B. Characteristics of the HBCU-RISE Awards

HBCU-RISE awards support the development of research capability at HBCUs that offer doctoral degrees in science and engineering disciplines. Projects should be designed to enable awardee institutions to enhance the integration of education and research. The proposal should include a component that outlines a strategy for connections with other NSF-funded awards at the institution which are related to the proposed project's goals and scope.

Supported projects should have a unifying research focus in one of the research areas supported by NSF, a direct connection to the long-term plans of the host department(s) and the institution’s mission, and plans for expanding institutional research capacity as well as increasing the production of doctoral students, especially those from underrepresented groups who are U.S. citizens, nationals, or permanent residents.

HBCU-RISE projects are open to all NSF-supported disciplines and areas of strong national interest, such as data science and analytics; advanced materials, manufacturing, robotics; cybersecurity; plant genetics/agricultural technologies; quantum information sciences; nanotechnology, semiconductors/microelectronics technologies; climate change and clean energy, are strongly encouraged. In addition, for this solicitation, the areas outlined in the resources below are of great interest:

In addition to the research project, institutional activities supported by the HBCU-RISE may include but are not limited to faculty release time, technical support for research, faculty professional development, acquisition or upgrading of research equipment, development of new advanced level curricula or courses, workforce development in areas of national needs and interest, and collaborative research efforts with partner universities and national laboratories. HBCU-RISE funding may, for example, be used to support competitive levels of start-up funding for outstanding new faculty hires with research interests related to the project, or to acquire key equipment and instruments, including high-performance computing and networking capabilities. Career development opportunities, provision for developing professional skills, instruction in ethics and the responsible conduct of research, and training in the communication of the substance and importance of research to non-scientist audiences may be part of the proposed activities.

HBCU-RISE projects must offer considerably more to an institution's capacity to carry out doctoral level research than is afforded by traditional single- or multi-investigator research proposals. In this way, HBCU-RISE support should not replace other active or available federal, state, or institutional resources, but rather should add significant value to the existing institutional strategic plan. Reviewers will be asked to consider the unique goals of the HBCU-RISE application in developing doctoral program capacity, in addition to supporting research activities.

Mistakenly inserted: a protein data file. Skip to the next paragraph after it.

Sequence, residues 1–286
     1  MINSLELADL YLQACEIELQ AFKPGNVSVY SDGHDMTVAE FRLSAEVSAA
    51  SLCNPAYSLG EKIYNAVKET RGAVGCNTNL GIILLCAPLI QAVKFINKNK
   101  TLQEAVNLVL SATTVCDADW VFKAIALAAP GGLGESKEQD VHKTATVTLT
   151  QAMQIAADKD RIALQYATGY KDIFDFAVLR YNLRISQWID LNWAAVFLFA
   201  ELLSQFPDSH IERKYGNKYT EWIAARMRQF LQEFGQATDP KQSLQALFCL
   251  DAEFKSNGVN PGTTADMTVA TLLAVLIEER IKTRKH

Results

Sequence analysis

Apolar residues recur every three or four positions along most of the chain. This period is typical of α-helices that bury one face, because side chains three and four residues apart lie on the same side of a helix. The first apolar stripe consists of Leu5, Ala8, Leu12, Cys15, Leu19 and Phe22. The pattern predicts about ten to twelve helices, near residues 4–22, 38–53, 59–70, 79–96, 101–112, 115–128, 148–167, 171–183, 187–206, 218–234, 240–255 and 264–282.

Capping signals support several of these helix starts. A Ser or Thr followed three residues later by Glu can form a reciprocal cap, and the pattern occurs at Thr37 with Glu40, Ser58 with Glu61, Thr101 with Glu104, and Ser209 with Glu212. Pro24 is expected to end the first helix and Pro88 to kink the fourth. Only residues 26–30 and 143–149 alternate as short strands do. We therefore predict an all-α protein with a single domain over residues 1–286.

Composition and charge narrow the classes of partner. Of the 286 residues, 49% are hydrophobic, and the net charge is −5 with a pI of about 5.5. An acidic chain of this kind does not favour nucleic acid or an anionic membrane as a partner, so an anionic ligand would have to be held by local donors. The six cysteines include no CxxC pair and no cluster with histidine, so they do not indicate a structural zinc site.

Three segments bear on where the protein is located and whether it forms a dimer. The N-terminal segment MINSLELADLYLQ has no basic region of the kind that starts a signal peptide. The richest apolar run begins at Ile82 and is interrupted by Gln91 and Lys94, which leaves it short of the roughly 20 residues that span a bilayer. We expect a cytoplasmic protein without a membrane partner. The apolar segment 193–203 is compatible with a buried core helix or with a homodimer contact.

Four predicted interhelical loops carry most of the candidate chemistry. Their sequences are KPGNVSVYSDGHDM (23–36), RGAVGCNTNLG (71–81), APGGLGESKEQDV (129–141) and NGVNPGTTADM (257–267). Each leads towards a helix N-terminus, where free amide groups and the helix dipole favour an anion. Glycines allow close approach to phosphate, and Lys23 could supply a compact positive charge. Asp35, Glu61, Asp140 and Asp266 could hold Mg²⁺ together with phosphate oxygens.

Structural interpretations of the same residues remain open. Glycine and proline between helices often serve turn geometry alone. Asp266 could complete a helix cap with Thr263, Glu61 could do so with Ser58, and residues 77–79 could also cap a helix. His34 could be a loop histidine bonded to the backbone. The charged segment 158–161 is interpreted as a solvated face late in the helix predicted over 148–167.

Each HBCU-RISE project should describe an evaluation plan to track progress and strengthen cooperative efforts. In addition, each project will be required to participate in a CREST program-level evaluation to assess outcomes and the CREST program's contributions to advancing the science and engineering research and education capabilities of minority-serving institutions. Special attention should be given to increasing doctoral degree attainment among U.S. citizens, nationals, and permanent residents at those institutions who are underrepresented in STEM.

It is not necessary for HBCU-RISE projects to convene meetings of an external advisory group or committee. However, each project shall identify an internal steering committee to include the PI, co-PIs, and other applicable stakeholders to review the results of the evaluation process and to ensure that the progress is consistent with departmental and institutional goals. HBCU-RISE project personnel are expected to participate in principal investigator meetings and should include travel funds to attend these annual meetings in their budget.

Support may be requested for activities that enhance the quality of research training and the research preparedness of graduate students (especially those from groups underrepresented in STEM) that are U.S. citizens, nationals, or permanent residents. NSF encourages the inclusion of veterans and persons with disabilities in its programs. In identifying the members of the research team, the proposing institution should strongly encourage participation by these groups. Supportable activities may include but are not limited to: research projects; acquisition of materials, supplies, research equipment, and instrumentation; hiring nationally competitive scientists and/or engineers; securing visiting scientists and engineers as short- or long-term consultants; faculty attendance at professional meetings and seminars; faculty sabbaticals and exchange programs; education activities directed toward the development of a diverse, internationally competitive and globally engaged workforce of scientists, and engineers well-prepared for a broad set of career paths; undergraduate and graduate research activities; and strengthening technical support personnel.

C. Commitment and Sustainability

Organizational commitment from administrators and leaders to the proposed project activities is vital for successful projects and for the financial and organizational sustainability of promising activities. Letters of support from the provost or equivalent university officials with authority related to faculty, research, facilities and/or equipment, and education are required and should be submitted as supplementary documents.